Daegu, Korea – Dwight Phillips came to Daegu with little more than a formidable reputation and walked away with his fourth Long Jump gold medal in five championships.
After Australia’s Mitchell Watt, the World leader this year, could manage only an 8.06 on his final jump, Phillips had the luxury of sprinting down the runway one last time with nothing but the gold medal on his mind. He ran through the pit and pulled off his bib number – ‘1111’ – and held it up to the photographers.
Phillips and Watt took contrasting paths through the year. Phillips competed in the Shanghai Samsung Diamond League meeting, finishing fourth behind the Australian, and after failing to qualify by right at the US championships used his champion’s wild card to get to the championships.
But he was good when it mattered most, producing a season’s best 8.32 metres in qualifying and then going 8.31 and 8.45 with his first two jumps of the final to, as it turned out, wrap up the gold medal by the end of the second round.
Watt has ruled the roost most of the year, jumping a World lead 8.44 in the Australian Championships, improving it to 8.54 in Stockholm at the end of July. But he has also been battling an ankle injury in his take-off leg.
Tonight, the Australian fouled his first jump, leapt 8.33 on his second – the silver medal distance – but then was unable to improve. Twice he ran through the pit, and the last-round 8.06 was his only decent jump of the last four.
Watt bounded from near obscurity to a bronze medal in 2009, missed most of 2010 injured, has been the World leader since early in 2011. But the gold medal proved a jump too far and though he achieved the best-ever result by an Australian at a World Championships – and equalled the best ever at an Olympics – the loss of the gold will hurt.
Ngonidzashe Makusha finished third with 8.29 to take Zimbabwe’s first-ever medal at a World Championships. The 24-year-old, who also made the 100 metres semi-finals here, could have had an even better result – his 8.14 in the third round came from 26 centimetres behind the board.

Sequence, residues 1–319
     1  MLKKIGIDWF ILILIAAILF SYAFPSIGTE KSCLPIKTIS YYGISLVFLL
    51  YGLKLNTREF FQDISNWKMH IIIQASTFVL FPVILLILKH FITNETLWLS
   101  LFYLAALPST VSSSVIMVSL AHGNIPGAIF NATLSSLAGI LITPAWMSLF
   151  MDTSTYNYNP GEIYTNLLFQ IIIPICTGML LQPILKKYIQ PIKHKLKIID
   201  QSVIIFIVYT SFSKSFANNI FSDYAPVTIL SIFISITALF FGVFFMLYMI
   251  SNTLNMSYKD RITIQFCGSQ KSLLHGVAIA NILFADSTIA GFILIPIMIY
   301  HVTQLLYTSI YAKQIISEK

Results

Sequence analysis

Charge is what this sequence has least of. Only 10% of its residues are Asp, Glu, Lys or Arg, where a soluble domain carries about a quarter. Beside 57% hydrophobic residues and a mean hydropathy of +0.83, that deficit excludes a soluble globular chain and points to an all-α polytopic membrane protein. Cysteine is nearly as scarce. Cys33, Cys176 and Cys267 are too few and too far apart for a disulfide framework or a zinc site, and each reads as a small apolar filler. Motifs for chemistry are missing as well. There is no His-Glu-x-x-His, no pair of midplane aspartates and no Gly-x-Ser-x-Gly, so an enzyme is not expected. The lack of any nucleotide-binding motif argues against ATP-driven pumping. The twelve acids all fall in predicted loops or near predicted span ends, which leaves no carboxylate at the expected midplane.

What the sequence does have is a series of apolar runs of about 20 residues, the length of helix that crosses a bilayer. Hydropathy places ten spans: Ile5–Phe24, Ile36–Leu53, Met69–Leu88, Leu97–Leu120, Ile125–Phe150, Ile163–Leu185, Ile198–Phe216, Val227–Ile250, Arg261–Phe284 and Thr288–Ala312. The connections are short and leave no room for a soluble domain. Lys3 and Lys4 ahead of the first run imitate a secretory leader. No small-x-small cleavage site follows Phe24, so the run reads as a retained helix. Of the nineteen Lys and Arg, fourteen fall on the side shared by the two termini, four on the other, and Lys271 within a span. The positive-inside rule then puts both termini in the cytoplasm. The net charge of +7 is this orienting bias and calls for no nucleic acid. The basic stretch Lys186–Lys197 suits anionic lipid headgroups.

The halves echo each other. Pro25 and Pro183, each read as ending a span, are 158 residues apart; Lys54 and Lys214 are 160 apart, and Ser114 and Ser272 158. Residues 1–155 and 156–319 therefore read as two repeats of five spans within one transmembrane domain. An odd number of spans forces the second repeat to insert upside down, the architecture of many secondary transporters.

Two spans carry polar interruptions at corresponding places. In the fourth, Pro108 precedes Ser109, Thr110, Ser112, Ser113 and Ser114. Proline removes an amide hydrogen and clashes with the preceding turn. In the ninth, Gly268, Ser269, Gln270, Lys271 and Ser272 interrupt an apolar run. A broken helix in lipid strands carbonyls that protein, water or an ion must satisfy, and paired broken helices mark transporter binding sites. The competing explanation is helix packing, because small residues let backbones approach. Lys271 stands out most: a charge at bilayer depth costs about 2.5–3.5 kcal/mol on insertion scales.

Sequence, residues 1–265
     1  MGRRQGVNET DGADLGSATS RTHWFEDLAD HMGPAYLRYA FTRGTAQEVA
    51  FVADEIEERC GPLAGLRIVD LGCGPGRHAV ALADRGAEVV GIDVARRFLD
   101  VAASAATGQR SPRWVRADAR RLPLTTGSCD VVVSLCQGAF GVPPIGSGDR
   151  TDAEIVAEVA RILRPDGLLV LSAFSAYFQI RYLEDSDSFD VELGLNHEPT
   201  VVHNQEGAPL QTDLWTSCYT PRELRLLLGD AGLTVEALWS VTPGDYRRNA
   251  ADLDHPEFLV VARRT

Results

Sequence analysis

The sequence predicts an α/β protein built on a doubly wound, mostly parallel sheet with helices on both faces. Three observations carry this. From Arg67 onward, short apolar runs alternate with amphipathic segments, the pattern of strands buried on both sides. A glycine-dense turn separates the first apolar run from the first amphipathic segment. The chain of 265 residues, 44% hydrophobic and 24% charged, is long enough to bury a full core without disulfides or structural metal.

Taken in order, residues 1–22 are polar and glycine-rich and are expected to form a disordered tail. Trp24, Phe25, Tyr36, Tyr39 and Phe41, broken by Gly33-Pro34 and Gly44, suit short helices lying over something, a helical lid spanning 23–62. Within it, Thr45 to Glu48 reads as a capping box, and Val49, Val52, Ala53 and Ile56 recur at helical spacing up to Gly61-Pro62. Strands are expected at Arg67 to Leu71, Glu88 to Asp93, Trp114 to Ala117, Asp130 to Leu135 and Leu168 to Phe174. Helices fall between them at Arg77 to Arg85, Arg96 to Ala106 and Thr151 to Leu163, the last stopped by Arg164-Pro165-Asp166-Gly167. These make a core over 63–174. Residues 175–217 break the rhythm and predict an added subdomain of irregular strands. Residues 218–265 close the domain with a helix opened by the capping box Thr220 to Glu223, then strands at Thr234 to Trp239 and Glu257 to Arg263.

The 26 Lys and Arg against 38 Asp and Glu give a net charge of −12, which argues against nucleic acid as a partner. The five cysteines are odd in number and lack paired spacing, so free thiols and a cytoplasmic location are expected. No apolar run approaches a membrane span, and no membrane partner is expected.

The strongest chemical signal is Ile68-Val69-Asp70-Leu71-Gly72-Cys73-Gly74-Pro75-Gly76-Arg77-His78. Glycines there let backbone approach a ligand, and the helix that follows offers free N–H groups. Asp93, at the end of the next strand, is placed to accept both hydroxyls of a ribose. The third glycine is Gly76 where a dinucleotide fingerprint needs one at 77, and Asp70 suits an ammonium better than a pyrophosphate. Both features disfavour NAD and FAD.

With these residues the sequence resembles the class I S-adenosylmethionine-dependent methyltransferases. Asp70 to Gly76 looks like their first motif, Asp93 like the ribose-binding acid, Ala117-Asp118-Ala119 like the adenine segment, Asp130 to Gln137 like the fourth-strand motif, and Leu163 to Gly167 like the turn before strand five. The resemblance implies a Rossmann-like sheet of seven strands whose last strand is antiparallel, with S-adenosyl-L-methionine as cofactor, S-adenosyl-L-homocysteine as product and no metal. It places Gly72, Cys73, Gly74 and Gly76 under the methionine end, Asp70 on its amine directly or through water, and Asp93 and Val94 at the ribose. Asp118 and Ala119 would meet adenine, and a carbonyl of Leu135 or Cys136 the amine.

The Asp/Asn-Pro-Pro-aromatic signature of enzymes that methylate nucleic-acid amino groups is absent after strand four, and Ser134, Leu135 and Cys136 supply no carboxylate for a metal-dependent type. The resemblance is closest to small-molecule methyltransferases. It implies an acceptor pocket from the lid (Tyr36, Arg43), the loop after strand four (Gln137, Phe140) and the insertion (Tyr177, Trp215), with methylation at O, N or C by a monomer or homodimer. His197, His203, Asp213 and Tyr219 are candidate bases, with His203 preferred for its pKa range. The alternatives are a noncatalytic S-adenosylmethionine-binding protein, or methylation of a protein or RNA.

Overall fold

The three medallists had all produced their best jump by the end of the second round and the competition petered out somewhat from there. Yahya Berrabah of Morocco took fourth with 8.23 (another second round jump); none of the top eight improved in the last four rounds.
Still, there was an air of generational change, with Watt only 23 and three 20-year-olds – Luvo Manyonga of South Africa in fifth place, Aleksandr Menkov of Russia in sixth and Will Claye of USA, ninth – in the final. Claye was coming back from the qualifying rounds of the Triple Jump this morning (he reached the final).
For the moment, though, 33-year-old Dwight Phillips rules the event.
Kim Deokhyeon was unable to take his place in the final. He is the only Korean athlete to qualify for a place in a final in Daegu; Kim Hyunsub finished sixth in the out-of-stadium men’s 20km road walk.
Len Johnson for the IAAF
- Dwight Phillips of the USA celebrates victory in the men's long jump final (Getty Images) © Copyright
- Dwight Phillips of United States competes in the men's long jump qualification round during day six (Getty Images) © Copyright